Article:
Conditions are different in North Korea this time around. Today, North Korea’s cyber warfare capabilities are formidable; the regime is known to sell chemical and biological weapons to countries in the Middle East and Africa, including Syria, and it regularly conducts business with non-state terror groups. The Kim regime has also now nearly mastered the technology required to become a full-fledged nuclear power, carrying out four more nuclear tests with estimated yields that are about 10 times what the atomic bomb dropped on Hiroshima, as well as some 90 ballistic missile tests. This is in addition to their substantial conventional weapons capabilities, which could cause massive damage to South Korea and neighbouring countries in a matter of minutes. Unlike his father or his grandfather, Kim could negotiate with the United States with a confidence that could not have been enjoyed by the regime in the past. And contrary to popular perceptions, North Korea is a rational actor when it comes to pursuing its own interests; since its inception, North Korea has justified its nuclear weapons program as a self-defence measure.
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But under the façade of military strength, North Korea is also under a lot of pressure, both because of its crumbling economy and a rise of ideological cracks; the growing numbers of defectors and the rise of public violence, such as executions, demonstrate the regime’s internal fragility. And having spent much of its limited resources on developing nuclear capabilities, North Korea is also in desperate need of investment in its domestic economy to save its own people from starvation. There is a clear incentive for North Korea to use the language of peace on the Korean peninsula, save face, and gain economic and security concessions from Seoul and Washington. From the perspective of American administration or even the international community at large, the need to stop or contain North Korea—which the CIA has identified as one of the main threats to American national security for years—could not be more urgent. These complexities all make North Korea a unique, delicate force to negotiate with.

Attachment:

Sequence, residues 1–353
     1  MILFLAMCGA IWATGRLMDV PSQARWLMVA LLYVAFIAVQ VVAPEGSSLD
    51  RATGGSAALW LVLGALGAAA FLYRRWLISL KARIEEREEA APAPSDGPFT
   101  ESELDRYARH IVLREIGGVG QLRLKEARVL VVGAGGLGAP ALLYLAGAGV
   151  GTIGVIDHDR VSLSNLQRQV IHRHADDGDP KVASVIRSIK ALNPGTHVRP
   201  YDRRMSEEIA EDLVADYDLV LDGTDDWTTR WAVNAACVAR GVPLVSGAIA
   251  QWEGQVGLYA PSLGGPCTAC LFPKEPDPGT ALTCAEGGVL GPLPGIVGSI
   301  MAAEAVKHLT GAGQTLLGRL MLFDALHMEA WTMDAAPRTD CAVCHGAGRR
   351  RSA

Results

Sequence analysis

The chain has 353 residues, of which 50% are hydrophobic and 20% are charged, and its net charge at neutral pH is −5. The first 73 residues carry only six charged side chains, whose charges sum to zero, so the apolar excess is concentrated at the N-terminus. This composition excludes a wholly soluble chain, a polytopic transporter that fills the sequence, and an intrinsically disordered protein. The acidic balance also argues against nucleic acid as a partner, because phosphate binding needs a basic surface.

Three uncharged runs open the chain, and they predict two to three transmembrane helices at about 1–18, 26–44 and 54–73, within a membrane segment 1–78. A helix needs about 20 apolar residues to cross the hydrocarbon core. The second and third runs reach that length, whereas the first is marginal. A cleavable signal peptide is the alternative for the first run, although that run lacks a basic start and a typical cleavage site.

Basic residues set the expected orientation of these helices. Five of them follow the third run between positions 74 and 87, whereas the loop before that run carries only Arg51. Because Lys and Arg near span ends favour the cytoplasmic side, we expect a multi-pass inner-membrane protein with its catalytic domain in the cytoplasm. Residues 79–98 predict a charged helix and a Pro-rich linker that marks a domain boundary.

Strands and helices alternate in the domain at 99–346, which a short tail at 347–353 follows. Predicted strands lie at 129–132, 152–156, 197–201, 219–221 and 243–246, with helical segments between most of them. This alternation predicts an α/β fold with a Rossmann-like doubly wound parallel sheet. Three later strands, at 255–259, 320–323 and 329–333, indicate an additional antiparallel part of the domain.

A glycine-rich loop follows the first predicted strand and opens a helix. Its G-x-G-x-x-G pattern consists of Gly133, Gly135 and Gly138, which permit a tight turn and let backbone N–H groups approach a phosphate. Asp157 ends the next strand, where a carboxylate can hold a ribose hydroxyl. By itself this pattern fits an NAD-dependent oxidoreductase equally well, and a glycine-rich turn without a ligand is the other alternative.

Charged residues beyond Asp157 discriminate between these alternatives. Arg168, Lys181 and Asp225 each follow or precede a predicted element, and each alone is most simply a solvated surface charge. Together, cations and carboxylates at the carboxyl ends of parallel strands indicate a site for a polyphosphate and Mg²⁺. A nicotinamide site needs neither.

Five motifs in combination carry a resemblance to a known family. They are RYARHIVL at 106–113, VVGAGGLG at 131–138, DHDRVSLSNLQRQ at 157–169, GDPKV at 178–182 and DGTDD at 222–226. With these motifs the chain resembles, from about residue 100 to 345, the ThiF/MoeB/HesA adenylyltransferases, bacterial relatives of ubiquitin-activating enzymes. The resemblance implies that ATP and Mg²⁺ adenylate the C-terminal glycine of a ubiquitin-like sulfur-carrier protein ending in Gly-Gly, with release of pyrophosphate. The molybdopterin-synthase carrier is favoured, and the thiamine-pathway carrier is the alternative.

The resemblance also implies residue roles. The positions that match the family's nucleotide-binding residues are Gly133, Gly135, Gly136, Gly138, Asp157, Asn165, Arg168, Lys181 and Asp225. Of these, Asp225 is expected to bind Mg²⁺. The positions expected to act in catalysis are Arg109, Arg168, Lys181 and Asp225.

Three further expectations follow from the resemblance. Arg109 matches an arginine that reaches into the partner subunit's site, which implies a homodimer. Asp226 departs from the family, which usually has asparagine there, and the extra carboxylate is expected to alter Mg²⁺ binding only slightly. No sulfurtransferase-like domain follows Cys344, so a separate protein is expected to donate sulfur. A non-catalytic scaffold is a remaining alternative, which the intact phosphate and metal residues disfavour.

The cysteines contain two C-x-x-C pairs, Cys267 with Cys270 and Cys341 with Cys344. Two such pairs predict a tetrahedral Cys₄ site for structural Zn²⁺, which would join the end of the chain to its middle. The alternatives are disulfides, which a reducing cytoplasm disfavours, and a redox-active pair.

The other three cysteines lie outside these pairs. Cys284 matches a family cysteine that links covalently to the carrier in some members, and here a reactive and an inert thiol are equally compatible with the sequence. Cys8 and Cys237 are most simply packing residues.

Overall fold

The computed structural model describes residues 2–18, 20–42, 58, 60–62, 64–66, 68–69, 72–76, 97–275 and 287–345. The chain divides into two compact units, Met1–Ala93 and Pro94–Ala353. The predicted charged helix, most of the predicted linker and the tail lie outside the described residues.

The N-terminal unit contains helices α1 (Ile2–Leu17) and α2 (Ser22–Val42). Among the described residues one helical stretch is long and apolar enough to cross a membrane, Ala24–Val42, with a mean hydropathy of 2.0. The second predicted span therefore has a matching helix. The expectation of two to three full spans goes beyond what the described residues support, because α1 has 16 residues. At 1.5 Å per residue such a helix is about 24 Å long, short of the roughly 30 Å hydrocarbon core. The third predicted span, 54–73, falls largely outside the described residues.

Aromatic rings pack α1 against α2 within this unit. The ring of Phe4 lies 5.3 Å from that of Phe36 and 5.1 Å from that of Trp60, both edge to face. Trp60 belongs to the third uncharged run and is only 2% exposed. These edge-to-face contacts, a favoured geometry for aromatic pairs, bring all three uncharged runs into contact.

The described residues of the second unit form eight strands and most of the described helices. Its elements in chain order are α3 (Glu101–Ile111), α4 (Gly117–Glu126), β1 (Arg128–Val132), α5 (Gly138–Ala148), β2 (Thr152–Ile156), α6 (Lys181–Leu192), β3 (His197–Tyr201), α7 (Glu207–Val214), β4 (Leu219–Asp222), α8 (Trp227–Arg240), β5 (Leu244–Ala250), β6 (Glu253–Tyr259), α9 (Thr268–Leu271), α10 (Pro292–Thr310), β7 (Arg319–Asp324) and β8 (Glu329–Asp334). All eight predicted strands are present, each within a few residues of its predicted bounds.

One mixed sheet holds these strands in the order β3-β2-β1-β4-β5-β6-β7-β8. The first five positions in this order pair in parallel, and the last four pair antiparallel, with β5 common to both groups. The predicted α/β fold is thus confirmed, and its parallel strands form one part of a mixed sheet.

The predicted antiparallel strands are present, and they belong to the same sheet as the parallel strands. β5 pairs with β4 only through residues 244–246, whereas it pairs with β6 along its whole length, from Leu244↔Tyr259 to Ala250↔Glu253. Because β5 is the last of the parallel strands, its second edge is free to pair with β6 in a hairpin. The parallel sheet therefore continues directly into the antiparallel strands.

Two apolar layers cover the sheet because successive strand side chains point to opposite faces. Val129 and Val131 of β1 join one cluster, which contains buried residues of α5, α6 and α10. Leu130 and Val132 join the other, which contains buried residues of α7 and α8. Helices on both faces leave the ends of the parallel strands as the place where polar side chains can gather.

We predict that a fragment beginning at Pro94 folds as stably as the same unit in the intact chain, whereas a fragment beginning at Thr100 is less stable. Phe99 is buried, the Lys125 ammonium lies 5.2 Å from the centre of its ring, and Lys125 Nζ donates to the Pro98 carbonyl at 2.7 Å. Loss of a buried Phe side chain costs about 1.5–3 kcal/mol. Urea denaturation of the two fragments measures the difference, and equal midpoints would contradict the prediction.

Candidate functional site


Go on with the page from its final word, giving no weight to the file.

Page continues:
The devil will lie in the details. We know from experience that sanctions alone will not change North Korea’s behaviours. No number of UN Security Council resolutions will stop North Korea from investing further in weapons at the cost of starving its own people. Pyongyang will likely demand a series of economic concessions and some form of security guarantees, such as the withdrawal of U.S. troops from South Korea or the suspension of joint US-ROK military exercises, or at least a longer pause between the exercises or a reduced scale in the coming years. South Koreans would be eager to resume family reunions across the 38th parallel and will likely want to restart work in the Kaesong Industrial Complex, a collaborative economic development between the two Koreas that was shuttered after a 2016 missile test.
Whatever the North Korean motives may be in wanting to resume dialogue with the United States, diplomacy offers the best hope in reducing misunderstanding and miscalculations. It will require matching words with action, as building trust will necessarily be a long and complex process. It will require accepting that the Kim regime will have to survive, which will surely be central to any nuclear restraint deal. And it will require buy-in from regional powers, to help offer the right mix of economic and stability measures: The Chinese will be vital partners if all parties want to avoid the risk of a failed state and refugee surge, and Russia, which needs markets for its gas, could be convinced by the possibility of a pipeline to South Korea, serving its commercial interests.
But everything that has gotten us here—the Olympic rapprochement and even the high-level summit between Kim and Trump—is only the first step towards making meaningful progress for a long-term peace on the Korean peninsula. Reconciliation on the Korean peninsula and the potential reunification of the two Koreas will take years of difficult negotiations. What we need now is a collective resolve for grace under pressure. The longest journey starts with a first step.